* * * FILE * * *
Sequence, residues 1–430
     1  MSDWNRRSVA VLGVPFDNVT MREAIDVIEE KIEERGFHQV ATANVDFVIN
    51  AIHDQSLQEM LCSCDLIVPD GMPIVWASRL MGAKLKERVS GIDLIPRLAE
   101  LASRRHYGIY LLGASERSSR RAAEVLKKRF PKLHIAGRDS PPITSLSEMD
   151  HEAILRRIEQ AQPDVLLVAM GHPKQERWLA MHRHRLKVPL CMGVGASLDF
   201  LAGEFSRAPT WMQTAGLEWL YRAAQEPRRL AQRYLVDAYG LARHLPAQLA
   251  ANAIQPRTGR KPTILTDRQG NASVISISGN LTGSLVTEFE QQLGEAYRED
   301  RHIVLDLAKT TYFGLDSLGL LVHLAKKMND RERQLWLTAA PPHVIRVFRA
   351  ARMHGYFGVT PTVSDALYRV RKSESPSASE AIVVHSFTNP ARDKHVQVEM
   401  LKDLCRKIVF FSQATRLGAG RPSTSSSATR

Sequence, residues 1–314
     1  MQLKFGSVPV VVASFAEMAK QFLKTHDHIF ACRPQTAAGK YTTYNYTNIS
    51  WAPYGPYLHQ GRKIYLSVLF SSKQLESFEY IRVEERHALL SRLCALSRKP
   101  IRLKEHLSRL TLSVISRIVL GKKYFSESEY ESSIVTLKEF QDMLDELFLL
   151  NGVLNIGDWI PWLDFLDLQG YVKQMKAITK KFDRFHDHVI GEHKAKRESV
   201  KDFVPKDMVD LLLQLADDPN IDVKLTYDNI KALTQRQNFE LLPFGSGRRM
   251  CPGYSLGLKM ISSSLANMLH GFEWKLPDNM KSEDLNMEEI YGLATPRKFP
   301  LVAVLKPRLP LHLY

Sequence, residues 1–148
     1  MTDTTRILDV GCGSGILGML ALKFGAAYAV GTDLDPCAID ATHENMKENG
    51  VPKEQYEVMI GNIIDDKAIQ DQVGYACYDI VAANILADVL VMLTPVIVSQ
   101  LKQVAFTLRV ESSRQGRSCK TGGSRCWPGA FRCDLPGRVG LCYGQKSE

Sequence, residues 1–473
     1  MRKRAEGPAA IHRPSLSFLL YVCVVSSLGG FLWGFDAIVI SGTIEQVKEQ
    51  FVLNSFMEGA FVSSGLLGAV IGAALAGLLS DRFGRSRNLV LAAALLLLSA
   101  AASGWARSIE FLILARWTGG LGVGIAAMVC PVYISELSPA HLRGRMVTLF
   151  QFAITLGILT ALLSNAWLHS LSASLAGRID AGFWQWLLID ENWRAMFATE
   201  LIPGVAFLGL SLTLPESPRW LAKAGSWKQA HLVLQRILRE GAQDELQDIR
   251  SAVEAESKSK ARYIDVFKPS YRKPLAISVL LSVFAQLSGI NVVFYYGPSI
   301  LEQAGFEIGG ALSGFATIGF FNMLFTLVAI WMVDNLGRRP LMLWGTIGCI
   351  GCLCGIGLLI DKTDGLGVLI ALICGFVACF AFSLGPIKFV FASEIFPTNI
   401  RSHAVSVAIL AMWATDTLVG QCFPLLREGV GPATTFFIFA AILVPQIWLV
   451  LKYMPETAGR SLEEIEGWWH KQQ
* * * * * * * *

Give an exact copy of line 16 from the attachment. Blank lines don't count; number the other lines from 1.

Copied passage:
   201  KDFVPKDMVD LLLQLADDPN IDVKLTYDNI KALTQRQNFE LLPFGSGRRM